Amino groups were introduced into heparin fragments obtained as described above by dissolving 15 mg heparin fragments, prepared as described above in 4.5 ml water, followed by addition of 1 ml hexametylendiamine solution (21 mg/ml) and 2 ml of a solution of 1-ethyl-3-(3-dimethylaminopropyl)-carbodiimide hydrochloride (7.3 mg/ml). The pH of the solution was adjusted to 4.75 and the reaction mixture was allowed to stand during stirring for 20 minutes while pH was kept constant by addition of 0.1M HCl. The reaction was stopped by increasing pH to 9.5 using 2M NaOH. The reaction mixture was diluted to 3 times the original volume using 0.1M NaHCO3 buffer, pH 9.5, and was then dialyzed against 0.05M phosphate buffer pH 7.5 containing 0.05M NaCl.
The material obtained in Step I was separated in a low affinity fraction and a high affinity fraction by affinity chromatography on matrix bound antithrombin III in the same way as described in Example 1. Thereafter was added to 2.2 mg of the high affinity fraction 4 ml N,N-dimethyl-N-allylamine buffer pH 9.2 and 100 mg tolylene-2,4-diisothiocyanate. Thereafter nitrogen gas was bubbled through the solution for 1 minute, and the solution was incubated for one hour at 45° C. Thereafter 2 ml water was added and the suspension was extracted 4 times with 4 ml benzene and 3 times with heptane/ethylacetate (2/l) in order to remove excessive reagent.
The water phase obtained in Step II was thereafter immediately added to 20 ml 0.1M NaHCO3 buffer, pH 8.6, containing 50 mg antithrombin III. The mixture obtained was incubated for one hour at 30° C. under stirring and was then dialyzed against 0.02M imidazol-HCl buffer, 7.35 over night. The products formed were then purified by having the dialyzed reaction mixture pass a column, of DEAE-Sephadex, which then was eluted with a salt gradient 0-0.5M NaCl. The heparin fragment-antithrombin compound obtained were separated from unreacted antithrombin by affinity chromatography on heparin-Ultrogel column, equilibrated with 0.1M Tris-HCl buffer pH 7.6. The elution was made by a salt gradient (0.1-1.0M NaCl). The purified product obtained was homogenous in polyacrylamid-electrophores in the presence of sodium dodecyl sulphate. The molecular weight of the product obtained was from 65,000-80,000, with an average about 70,000, obtained in comparison with the molecular weight of proteins with known molecular weight. The product obtained inhibited activated Factor X with a second order rate constant of 0.92×106 M-1 S-1. The yield with respect to heparin fragment-antithrombin III-compound was 24%.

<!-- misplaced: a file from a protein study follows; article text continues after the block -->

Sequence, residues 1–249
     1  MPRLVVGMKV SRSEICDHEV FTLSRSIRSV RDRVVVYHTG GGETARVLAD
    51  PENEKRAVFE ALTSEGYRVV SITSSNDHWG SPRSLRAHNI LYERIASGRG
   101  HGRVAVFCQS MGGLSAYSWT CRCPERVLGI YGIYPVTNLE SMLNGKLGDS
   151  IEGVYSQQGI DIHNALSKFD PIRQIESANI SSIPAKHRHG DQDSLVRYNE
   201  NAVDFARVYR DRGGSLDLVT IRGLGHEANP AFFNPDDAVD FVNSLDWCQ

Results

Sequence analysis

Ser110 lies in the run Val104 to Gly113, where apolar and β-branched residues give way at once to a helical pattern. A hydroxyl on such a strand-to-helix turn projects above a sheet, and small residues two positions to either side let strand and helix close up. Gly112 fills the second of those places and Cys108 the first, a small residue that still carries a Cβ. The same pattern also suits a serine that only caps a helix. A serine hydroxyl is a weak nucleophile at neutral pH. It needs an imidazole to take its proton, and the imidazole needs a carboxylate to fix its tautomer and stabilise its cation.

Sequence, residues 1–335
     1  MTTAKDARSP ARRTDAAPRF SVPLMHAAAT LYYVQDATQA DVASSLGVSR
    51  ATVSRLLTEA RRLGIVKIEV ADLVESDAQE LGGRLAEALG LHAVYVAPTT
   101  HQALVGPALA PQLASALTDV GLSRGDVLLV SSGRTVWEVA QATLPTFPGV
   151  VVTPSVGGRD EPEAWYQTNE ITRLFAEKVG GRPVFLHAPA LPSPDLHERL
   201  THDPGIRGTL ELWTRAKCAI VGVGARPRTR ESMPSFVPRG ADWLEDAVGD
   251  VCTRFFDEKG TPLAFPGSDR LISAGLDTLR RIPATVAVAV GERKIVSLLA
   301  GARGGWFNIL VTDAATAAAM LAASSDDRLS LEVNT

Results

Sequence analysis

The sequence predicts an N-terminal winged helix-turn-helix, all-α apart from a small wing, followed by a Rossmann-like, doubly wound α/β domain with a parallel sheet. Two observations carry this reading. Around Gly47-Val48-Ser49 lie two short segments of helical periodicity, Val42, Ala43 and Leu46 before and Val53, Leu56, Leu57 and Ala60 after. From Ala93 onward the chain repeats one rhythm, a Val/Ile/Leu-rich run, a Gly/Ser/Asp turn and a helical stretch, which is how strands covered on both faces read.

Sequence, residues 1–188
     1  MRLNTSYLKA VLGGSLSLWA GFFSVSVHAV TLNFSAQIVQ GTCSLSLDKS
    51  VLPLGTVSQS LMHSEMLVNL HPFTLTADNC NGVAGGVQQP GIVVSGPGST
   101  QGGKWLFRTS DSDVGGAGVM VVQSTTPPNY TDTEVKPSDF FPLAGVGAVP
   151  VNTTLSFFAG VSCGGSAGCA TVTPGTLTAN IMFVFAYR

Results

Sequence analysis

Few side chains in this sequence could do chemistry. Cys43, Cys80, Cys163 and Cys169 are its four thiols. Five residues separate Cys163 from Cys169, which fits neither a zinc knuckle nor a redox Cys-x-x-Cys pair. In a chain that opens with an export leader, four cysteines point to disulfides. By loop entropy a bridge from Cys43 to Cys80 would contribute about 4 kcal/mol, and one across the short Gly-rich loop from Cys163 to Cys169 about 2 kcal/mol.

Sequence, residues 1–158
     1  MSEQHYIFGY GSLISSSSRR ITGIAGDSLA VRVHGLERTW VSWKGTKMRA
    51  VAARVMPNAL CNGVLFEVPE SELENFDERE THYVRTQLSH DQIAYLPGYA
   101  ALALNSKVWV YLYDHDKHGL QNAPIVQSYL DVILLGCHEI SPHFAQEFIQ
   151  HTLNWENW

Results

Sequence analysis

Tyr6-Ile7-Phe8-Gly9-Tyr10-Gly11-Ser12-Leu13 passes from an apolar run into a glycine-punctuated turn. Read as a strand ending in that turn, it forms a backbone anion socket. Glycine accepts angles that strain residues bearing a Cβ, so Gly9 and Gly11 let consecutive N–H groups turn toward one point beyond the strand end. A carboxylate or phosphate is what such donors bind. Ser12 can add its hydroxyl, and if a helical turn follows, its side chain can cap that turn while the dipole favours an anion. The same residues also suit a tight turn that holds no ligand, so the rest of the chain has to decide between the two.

Two mg of the heparin fragment-antithrombin III compound obtained as described in Example 2, and where the heparin fragment was labelled with 3H, was dissolved in 1 ml 0.1M NaCl solution and injected into a vein in the ear of a rabbit. Thereafter a series of blood samples were taken during the next ten hours and radioactivity and inhibition of activated Factor X were measured. In this way, the biological half life for the tested compound was obtained. This half life was then compared with the half life for standard heparin, administered in the same manner.
The result of the test was that the half life of the heparin fragment-antithrombin compound according to the invention was 7.8 hours. This value was obtained using radioactivity measurements as well as biological activity measurements, that is Factor Xa -inhibition. The half life for standard heparin measured in the same way is 0.3 hours. Thus, the half life for the heparin fragment-antithrombin III compound was 26 times longer than the half life for standard heparin.
The great increase in biological half life which was obtained for the novel compounds of the present invention is very valuable clinically. In the present treatment with heparin, it is normal that two or three injections must be given per day at prophylactic treatment of post-operative thrombosis. Using the novel compounds of the present invention, it would be sufficient with one injection every two or every three days. This is a great improvement from the point of view of the patient and also from the point of view of the clinic because of the practical and economical advantages which follow from better utilized care resources.
Studies on antithrombotic effects of the heparin-fragment-antithrombin III Compound of the invention on the Wessler rabbit stasis model show that intravenous injection of the compound effectively prevents thrombus formation in the rabbits.